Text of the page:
Daily life

Breaking into your own house 101

8:26 PM

We've all had been locked outside our own house or apartment at least once right (for some it's more than once...ahem).

What you logically do if you don't live in India, is find a yellow pages book, go to "locksmith 24/7 emergency" or something like that and have a guy open your door within a couple or hours. Or if all fails break through a window and open your door from the inside, then call a carpenter to fix your damage.

However, as I once said, emergencies don't work in India so forget the 24/7 locksmith thing. The theory proved to be correct once more today. And here is how my story goes :

it's a normal day, I go out to buy some stuff, make sure all the rooms doors are closed so that Jasmine do not destroy anything, give her a rawhide chew stick, lock the door and leave. Hop in an Auto and once seated and on my way start having a nagging feeling about my door, did I lock it properly? Did I remember to do it? Did I check if I had my keys? OOPS there it is, I forgot my keys, and the door is of course properly locked in the most proper of Indian ways with a padlock on an external latch in addition to the regular lock! And of course I have no keys, they are all inside, and of course it has to happen when DH is in Switzerland and left his own keys with me!

It happened in the past in this very same apartment that I locked myself on the terrace, but then it's easy to break in : you just have to break the window that is on the side of the door and put your hand through to open the door from the inside, and then it cost you 800 rupees to have the glass panel replaced, no biggie.

But today this would not work, nope not as long as the padlock is on it's external latch, and my padlock is an extra strong one made of hardened steel.

Realizing all this of course took me a few seconds, and I decided that since I was locked outside anyway I might as well proceed what I was planning to do anyway, and start worrying about the problem later, because let's face it what is done is done.

I also figured out that I should use the strong point of my neighbourhood : It's friendly neighbours, and since India made me street smarter than I was, my first logical target was ask my neighbour who is having an extra floor built to her house as maybe she would have a worker owning a saw or blade of some kind to break my padlock so I could then break my window to open my door.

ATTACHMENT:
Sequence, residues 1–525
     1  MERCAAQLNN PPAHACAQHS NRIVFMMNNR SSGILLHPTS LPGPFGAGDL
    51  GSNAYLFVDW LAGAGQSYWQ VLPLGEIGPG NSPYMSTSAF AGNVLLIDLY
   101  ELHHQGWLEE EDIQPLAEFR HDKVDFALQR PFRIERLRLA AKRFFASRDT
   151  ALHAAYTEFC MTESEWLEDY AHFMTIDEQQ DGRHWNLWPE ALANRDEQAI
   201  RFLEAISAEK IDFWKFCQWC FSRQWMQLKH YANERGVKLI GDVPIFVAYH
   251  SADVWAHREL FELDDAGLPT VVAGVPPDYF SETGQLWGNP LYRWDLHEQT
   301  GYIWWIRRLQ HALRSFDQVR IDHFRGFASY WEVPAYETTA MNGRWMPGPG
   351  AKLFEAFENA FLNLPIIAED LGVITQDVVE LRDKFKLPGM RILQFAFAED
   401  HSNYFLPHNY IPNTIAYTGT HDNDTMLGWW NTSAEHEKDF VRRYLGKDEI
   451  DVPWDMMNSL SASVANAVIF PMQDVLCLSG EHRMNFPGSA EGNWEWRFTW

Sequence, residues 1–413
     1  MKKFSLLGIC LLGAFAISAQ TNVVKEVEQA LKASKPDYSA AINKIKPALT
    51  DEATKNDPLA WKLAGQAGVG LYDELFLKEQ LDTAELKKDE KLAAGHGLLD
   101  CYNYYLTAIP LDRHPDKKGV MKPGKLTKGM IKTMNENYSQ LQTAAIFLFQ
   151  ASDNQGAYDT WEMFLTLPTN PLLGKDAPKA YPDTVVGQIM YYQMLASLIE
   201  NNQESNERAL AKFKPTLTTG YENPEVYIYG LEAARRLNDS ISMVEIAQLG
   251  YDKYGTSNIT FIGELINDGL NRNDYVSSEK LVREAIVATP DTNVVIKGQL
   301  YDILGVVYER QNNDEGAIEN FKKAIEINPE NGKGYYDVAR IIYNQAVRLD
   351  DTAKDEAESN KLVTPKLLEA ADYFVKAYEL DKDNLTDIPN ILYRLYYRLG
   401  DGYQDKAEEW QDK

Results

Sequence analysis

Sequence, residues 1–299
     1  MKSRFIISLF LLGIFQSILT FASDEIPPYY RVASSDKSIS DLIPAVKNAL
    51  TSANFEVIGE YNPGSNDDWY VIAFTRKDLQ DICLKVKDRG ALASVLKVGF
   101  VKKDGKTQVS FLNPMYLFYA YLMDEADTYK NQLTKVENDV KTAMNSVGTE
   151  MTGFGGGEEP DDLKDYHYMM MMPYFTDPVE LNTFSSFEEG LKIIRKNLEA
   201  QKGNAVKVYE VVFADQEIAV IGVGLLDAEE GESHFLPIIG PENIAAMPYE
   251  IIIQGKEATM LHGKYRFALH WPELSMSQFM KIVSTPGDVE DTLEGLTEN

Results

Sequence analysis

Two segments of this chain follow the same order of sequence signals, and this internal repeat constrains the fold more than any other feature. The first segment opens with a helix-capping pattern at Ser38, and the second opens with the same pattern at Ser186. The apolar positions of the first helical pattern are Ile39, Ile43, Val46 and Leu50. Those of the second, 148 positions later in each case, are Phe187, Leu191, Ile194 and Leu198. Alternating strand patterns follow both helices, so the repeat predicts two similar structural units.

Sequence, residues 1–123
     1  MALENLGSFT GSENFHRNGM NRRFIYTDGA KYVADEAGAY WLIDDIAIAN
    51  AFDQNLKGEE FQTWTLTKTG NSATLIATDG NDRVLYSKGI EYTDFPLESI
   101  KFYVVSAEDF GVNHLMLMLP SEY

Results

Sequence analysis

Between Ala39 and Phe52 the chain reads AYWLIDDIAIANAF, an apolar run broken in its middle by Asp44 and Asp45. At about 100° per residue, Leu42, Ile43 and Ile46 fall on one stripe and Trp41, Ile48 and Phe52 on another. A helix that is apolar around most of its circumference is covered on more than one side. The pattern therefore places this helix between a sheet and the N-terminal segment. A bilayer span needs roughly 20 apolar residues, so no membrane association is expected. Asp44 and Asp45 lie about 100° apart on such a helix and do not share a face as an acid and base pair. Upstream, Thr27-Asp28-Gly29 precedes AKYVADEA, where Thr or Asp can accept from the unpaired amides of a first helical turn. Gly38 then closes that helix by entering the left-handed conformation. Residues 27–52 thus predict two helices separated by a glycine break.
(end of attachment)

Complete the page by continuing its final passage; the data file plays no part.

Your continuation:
I hear you here, you are probably thinking "Why don't she break the window, go in, take the key, and open the door?" Again would work in Switzerland, but Indian windows have iron bars on them to prevent thief to break in too easily So this leave this option out.

But back to my neighbour shall we? She isn't very fluent in English, and I'm not at all fluent in Tamil or Kannada which are the two languages she speaks, but guessing that I'm in trouble and need help, she goes with me to the neighbour's right across from my house to ask if someone knows a person who could cut my lock as unfortunately all there is at the moment in her house are people laying brick walls, no saw, drills or blade. The other neighbour can't help either because their husbands are not there and women in India aren't encouraged to go near hardware stores or find a repair man, this is the husband's job. But they know that my immediate next door neighbour knows a lot of handymen and could help me so they direct me there. When I knock at the door, though it's the wife who answer, her hubby is out at the moment, but she invites me to stay in 9it's 3 pm then), make some tea for me, call her hubby to tell him what is happening, and ask me to wait there until something can be done, pass the time and by 4.30 she send her maid to find a locksmith in another neighbourhood since her hubby is stuck in traffic, we keep chit chatting realizing we left side by side for years and knew surprisingly very little about each other. The maid comes back by 5 telling us that the locksmith refuse to leave his shop for such a small job, leaving me locked outside. We decide to wait longer for her husband to come back and start plotting some alternate plans, we eventually come up with the idea of unscrewing the external latch so that breaking through my window would work, she goes find a screwdriver in her toolbox, and we all head to my place after a cup of chai to give us a moral boost.